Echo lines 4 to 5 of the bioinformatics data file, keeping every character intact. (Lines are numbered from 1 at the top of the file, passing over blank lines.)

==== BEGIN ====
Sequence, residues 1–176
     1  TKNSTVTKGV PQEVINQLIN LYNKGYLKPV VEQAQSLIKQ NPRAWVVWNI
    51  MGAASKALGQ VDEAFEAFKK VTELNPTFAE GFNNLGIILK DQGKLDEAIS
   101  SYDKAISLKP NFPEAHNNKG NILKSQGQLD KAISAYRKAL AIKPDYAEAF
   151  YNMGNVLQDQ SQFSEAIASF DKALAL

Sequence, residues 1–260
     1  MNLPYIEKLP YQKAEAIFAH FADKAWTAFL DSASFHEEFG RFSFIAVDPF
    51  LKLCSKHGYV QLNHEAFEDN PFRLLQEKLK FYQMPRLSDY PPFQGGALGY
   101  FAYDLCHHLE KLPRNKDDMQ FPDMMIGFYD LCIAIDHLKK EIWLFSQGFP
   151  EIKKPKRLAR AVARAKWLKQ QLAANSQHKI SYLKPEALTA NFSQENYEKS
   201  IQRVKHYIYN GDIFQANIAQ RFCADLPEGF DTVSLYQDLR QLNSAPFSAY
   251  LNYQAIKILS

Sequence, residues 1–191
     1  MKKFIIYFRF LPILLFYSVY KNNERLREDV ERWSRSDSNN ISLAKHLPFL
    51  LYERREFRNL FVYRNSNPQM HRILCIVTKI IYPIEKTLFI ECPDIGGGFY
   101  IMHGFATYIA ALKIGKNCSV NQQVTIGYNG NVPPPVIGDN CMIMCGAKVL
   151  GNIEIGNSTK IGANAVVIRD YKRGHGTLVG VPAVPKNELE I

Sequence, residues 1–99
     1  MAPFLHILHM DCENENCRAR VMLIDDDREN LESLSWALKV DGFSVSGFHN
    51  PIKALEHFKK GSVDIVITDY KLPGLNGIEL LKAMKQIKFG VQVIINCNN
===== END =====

   101  SYDKAISLKP NFPEAHNNKG NILKSQGQLD KAISAYRKAL AIKPDYAEAF
   151  YNMGNVLQDQ SQFSEAIASF DKALAL